Being a subversive is hard work. That’s partly because being the odd one out takes more energy than going with the flow, but it’s also because subversion decays: yesterday’s radicalism is today’s fashion and tomorrow’s received wisdom, to be challenged by the next round of subversion. If that sounds a bit like the innovator’s dilemma, that’s perhaps because it is, with some of the same consequences: you can ride the S-curve to the top, but if you don’t flip to the next curve, your subversion-fu will be lost.
The reciprocal effect – which is more the focus of this post – is the effect on the organisation being subverted. Just yesterday, I heard ‘minimum viable product’ being used to mean ‘best quick fix we can manage in the time’. The good intention was still there, as was an echo of the original meaning, but the hard edge of the concept had been lost, partly I suspect, because it had become dissociated from the conceptual context which gave the original meaning. That’s not deliberate degradation but – as the post notes – is the consequence of a virtuous attempt to bring in new thinking, only for it to get absorbed by the wider culture.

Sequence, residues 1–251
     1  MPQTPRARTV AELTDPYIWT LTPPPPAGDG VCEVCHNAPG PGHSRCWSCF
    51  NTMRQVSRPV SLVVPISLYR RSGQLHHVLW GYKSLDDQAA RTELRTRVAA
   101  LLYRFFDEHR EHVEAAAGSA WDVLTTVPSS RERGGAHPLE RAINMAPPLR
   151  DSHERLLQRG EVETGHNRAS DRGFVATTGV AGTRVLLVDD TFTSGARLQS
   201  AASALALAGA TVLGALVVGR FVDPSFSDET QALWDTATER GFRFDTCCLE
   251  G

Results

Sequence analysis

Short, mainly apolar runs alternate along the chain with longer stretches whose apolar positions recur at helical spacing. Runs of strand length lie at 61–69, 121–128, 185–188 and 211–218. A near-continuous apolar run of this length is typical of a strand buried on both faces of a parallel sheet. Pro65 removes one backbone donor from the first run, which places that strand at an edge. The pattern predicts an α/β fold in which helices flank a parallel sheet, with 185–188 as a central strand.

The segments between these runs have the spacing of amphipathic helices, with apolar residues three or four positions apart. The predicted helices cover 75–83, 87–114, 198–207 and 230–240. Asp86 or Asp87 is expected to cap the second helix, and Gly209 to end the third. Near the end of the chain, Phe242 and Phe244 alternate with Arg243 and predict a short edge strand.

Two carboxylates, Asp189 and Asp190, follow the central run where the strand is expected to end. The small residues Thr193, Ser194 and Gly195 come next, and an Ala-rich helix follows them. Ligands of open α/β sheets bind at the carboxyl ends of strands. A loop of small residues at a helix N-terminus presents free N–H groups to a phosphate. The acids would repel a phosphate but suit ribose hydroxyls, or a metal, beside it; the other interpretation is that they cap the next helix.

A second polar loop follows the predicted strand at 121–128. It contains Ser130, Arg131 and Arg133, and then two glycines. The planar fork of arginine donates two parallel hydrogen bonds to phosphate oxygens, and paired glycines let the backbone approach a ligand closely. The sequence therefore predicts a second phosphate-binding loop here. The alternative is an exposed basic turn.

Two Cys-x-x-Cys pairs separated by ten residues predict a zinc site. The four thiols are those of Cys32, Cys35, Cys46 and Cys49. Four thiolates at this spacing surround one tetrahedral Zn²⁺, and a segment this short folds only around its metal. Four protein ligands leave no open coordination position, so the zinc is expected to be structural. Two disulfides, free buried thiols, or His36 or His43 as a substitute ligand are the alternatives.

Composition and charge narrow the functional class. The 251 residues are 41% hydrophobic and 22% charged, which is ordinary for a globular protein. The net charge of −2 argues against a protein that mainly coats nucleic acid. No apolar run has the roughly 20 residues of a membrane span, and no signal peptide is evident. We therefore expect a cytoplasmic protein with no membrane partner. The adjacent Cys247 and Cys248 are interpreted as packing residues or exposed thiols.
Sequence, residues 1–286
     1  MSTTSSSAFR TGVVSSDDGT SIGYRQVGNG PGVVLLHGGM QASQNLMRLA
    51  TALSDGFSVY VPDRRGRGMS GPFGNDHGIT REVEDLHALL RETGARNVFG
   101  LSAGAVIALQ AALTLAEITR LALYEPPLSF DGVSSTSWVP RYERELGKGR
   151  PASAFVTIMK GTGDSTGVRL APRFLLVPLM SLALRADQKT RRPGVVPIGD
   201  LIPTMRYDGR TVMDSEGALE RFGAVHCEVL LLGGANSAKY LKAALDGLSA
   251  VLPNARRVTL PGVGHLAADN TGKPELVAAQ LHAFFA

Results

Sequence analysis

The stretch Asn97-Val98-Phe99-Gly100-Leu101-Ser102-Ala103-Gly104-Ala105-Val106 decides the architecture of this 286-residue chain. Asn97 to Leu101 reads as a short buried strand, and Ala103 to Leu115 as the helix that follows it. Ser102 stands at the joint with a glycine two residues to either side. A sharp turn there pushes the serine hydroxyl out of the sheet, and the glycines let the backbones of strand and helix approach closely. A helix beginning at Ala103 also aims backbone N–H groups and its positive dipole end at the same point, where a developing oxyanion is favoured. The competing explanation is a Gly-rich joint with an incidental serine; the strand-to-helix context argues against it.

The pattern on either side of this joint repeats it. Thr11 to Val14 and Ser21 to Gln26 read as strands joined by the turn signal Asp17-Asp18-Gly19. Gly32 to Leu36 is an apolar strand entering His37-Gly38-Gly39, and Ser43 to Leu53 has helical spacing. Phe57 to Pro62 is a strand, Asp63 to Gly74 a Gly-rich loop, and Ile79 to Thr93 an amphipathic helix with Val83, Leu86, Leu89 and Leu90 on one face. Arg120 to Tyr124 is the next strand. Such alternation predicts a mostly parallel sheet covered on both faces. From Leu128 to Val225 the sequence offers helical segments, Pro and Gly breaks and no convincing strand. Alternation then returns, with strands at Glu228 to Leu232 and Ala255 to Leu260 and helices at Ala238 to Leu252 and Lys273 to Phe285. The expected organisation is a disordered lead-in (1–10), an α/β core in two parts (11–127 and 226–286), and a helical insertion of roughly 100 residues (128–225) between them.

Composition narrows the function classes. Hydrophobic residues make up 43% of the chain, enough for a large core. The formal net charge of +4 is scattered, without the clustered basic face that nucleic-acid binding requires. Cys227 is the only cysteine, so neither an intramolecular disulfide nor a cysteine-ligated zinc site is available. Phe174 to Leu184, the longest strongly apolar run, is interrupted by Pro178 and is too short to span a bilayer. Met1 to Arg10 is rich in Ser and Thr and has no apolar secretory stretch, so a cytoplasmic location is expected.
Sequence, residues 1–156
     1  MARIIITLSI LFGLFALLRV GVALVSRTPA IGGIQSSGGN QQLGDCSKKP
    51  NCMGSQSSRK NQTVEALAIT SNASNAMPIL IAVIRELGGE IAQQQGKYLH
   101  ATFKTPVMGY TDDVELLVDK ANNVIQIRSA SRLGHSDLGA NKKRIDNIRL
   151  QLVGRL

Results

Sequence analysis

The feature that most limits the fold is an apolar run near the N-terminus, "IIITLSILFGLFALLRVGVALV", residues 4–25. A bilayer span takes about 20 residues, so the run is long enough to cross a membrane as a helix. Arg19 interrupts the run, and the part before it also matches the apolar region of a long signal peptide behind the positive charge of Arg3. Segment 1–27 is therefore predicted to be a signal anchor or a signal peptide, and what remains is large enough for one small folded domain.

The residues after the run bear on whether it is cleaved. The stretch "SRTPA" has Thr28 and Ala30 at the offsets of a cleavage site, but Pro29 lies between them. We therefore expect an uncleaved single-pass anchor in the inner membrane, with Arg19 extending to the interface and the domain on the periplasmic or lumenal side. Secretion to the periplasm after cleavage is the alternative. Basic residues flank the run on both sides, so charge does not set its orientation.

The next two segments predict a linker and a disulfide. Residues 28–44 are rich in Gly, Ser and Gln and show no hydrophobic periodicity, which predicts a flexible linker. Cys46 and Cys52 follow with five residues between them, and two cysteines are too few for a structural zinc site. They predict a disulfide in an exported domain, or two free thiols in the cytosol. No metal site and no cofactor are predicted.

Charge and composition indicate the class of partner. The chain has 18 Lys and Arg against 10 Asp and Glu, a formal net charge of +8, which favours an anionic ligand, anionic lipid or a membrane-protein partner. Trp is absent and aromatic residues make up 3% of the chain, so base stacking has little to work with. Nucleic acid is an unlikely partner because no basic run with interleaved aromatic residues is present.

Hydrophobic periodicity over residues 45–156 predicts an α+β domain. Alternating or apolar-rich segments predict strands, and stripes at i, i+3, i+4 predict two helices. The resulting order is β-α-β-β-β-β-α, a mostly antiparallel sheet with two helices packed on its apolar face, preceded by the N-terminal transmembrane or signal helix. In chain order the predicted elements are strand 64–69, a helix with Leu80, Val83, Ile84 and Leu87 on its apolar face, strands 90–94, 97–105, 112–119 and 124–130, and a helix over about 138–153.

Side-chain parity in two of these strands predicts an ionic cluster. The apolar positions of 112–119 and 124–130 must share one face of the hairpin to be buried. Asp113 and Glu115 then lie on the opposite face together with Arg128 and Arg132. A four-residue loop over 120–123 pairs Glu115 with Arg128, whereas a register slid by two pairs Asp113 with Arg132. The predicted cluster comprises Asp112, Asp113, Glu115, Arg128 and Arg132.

So the challenge for subversives remains: how to keep subverting themselves, how to stay one curve ahead.